Colomba Pasquale - Italian Easter Dove Bread

Colomba Pasquale - Italian Easter Dove Bread

The Colomba Pasquale is an Italian sweet bread, somewhat similar to the panetonne, and is baked at Easter. Shaped like a dove, the bread is glazed and covered with crystallized sugar and unpeeled almonds. Hence the name, Colomba (meaning dove) and Pasquale (meaning Easter).

There are a couple of stories about the origin of this bread. According to this source, "Colomba's history can be traced to Milan and the victory of Legnano, in 1176, when cities of the Lombard League defeated Emperor Frederick Barbarossa,who was intent on capturing Italy for the Holy Roman Empire. It is said that two doves, symbolizing the Holy Ghost, appeared on the altar of the chariot carrying the battle standards and that the colomba commemorates that event and victory - an example of the role of food in history and food as history."

I came across references to the Colomba Pasquale when I was going through some articles on the various types of bread baked for Easter. The unusual shape of this bread caught my attention and I almost did not make it, as the shape of the bread comes from using a dove shaped mould which I did not have. I understand that one can make the mould oneself, but it seemed too much of an effort.

Then I chanced upon Lien's BBD #8 post at her blog, Notitie Van Lien. In a very detailed and well explained post, she writes how she made and shaped her beautiful Colomba Pasquale by hand. I chose to use her recipe to make the bread, as it is much simpler and can be done in one day compared to most other traditional recipes which involve quite a few rises, including one overnight.

I halved Lien's recipe and adapted it a little.  I was quite happy with the way my Colomba Pasquale turned out, shape-wise and taste-wise. I know that’s not the best looking bird any of us has seen by far, but I thought my slightly podgy and plump little dove looked a little cute.

The butter, eggs and sugar ensure that the texture and taste of this bread is more cake-like than a bread. They also result in a very tasty bread. Even though the bread making process took a greater part of my day, this is not a very difficult bread to make. All that is required is a bit of planning, as most of the time involved in baking a Colomba Pasquale is taken up in the 4 different rising periods required for the dough.

Colomba Pasquale - Italian Easter Dove BreadThe Colomba Pasquale is an Italian sweet bread, somewhat similar to the panetonne, and is baked at Easter. Shaped like a dove, the bread is glazed and covered with crystallized sugar and unpeeled almonds. Hence the name, Colomba (meaning dove) and Pasquale (meaning Easter). There are a couple of sto...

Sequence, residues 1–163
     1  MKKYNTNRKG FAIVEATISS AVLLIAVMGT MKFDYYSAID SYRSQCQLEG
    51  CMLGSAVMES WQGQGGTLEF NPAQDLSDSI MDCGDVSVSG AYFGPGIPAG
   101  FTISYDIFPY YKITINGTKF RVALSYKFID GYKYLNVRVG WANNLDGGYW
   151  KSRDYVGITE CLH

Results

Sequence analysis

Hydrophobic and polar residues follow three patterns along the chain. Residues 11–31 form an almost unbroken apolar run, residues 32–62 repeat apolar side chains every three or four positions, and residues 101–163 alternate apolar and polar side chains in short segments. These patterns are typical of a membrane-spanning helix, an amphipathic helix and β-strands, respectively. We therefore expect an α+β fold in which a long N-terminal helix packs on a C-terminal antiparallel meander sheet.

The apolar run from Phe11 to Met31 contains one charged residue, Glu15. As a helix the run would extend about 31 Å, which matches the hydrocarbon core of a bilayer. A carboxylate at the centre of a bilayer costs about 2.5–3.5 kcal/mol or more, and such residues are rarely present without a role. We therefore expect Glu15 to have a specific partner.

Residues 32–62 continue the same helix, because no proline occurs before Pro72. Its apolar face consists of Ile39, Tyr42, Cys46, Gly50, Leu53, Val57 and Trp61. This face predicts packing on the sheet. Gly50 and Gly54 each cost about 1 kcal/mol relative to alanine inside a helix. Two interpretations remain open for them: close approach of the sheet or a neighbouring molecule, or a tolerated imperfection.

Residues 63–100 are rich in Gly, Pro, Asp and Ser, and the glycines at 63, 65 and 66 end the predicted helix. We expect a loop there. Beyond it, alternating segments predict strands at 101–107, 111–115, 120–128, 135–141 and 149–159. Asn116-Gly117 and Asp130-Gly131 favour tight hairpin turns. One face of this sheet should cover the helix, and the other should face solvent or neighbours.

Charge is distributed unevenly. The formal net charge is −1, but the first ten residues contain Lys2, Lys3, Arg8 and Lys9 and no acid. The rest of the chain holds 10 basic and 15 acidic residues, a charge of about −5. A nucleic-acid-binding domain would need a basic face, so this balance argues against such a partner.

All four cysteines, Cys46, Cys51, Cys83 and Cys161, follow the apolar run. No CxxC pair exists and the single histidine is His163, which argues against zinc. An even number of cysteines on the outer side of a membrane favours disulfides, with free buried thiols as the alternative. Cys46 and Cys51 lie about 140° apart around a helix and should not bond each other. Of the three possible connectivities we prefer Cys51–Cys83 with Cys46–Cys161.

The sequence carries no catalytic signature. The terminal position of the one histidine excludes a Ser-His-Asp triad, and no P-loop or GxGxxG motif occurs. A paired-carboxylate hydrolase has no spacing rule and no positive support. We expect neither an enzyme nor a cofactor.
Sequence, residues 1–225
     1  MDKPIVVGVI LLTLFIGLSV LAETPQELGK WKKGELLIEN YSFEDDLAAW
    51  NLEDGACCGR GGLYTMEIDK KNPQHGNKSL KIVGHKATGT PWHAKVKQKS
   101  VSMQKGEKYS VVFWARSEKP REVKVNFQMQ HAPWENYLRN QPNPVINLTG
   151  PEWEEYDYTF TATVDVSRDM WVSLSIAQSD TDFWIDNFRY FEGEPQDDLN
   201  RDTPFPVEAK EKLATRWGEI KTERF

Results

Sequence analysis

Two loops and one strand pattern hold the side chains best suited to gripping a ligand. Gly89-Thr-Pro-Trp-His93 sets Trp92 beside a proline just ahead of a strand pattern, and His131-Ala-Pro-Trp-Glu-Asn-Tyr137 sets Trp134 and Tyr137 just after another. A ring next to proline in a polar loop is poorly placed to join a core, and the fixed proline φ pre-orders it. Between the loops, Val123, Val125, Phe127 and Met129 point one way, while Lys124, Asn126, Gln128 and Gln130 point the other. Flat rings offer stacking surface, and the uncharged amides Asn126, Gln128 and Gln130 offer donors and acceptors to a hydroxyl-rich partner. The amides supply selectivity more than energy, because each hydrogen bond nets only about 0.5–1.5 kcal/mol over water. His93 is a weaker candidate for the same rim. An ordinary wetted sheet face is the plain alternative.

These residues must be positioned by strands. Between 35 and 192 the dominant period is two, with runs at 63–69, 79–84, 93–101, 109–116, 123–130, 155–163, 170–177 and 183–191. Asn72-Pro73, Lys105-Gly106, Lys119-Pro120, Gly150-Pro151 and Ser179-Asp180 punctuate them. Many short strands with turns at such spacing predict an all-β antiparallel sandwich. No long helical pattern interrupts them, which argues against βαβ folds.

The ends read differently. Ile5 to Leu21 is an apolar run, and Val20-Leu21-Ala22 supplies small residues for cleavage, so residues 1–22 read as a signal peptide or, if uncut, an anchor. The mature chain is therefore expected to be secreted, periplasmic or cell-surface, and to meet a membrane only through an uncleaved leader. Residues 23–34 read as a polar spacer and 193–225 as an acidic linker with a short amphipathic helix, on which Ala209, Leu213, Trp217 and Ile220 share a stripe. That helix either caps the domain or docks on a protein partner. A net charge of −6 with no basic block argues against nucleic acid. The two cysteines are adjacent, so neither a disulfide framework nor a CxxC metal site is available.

Summary

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  • Coursebreads
  • Cuisineeuropean
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Ingredients

For the Sponge :
Instant yeast
1 1/2 tsps
Sugar
2 tsps
Warm water
1/4 cup
Egg
1
All-purpose flour
1/2 cup
For the First Dough :
Instant yeast
3/4 tsp
Warm water
3 tbsps
Soft butter
25 gm
All-purpose flour
3/4 cup
For the Second Dough :
Sugar
1/4 cup
Egg
1
Vanilla extract
1 tsp
Grated zest of orange
1
Stick unsalted soft butter
1
All-purpose flour
1 to 1 1/2 cups
Salt
1/2 tsp
For the Second Dough :
Sugar
1/4 cup
Egg
1
Vanilla extract
1 tsp
Grated zest of oranges
1
Butter, soft at room tempertaure
50 gm
All-purpose flour
1 to 1 1/2 cups
Salt
1/2tsp
For the Topping :
Coarsely powdered almonds
3 tbsps
Almond extract
1/2 tsp
Granulated sugar
1/3 cup
Milk
2tbsps
Whole unpeeled almonds
8 to 10
Pearl sugar (or crushed sugar cubes)
2 TBsps
Icing sugar

Steps

  1. Make the Sponge : Mix together the yeast, sugar and warm water in a bowl and let it stand for about 10 minutes. Then whisk in the egg and flour until smooth. Cover loosely, and let it sit at room temperature for about half an hour.
  2. To make the first dough, Stir the yeast , water, butter and then the flour into the sponge.  The dough should be stiff but sticky to touch. Cover loosely and let it rise for about 1 1/2 hours or till double in volume.
  3. To make the 2nd and final dough, add the sugar, egg vanilla, butter and orange zest to the first dough and knead until smooth. This is easiest done using a machine/ processor. Add the salt and add 1 cup flour and knead, adding as much more flour as you need to make a smooth and elastic dough.
  4. Cover loosely and let the dough rise for about 3 to 4 hours or until it double in volume. Divide the dough in two parts, and shape them into rolls - one short (8") and fat for the wings and one a bit longer (12") for head/body and tail. Taper one end of the longer roll a bit and shape it into a head and beak. Flatten the other end and using scissors, snip about an inch from the end into the dough in three places of equal distance from each other. Separate the bits by fanning them out a little to form the tail. Plave on a parchment lined baking sheet. Shape the smaller roll into a rough rectnagle and snip like for the tail but at both of the shorter sides of the rectangle. This is for the wings.
  5. Place this bit over the "body" of the dove to form the wings.Cover loosely and let it rise for about 2 to 3 hours till almost double.
  6. Stir the ground almonds, almond extract, and granulated sugar and milk to a thick mixture that is spreadable but not runny. Spread this onto the surface of the bird and decorate with the unpeeled almonds. Sprinkle the pearl sugar and then dust with a some what thick layer of icing sugar.
  7. Bake at 200C (400F) for 10 minutes, then lower the oven temperture to 180C (350F) and bake for another 40 minutes. If the bread is browning too soon, cover with aluminium foil. Cool on a wire rack and serve.
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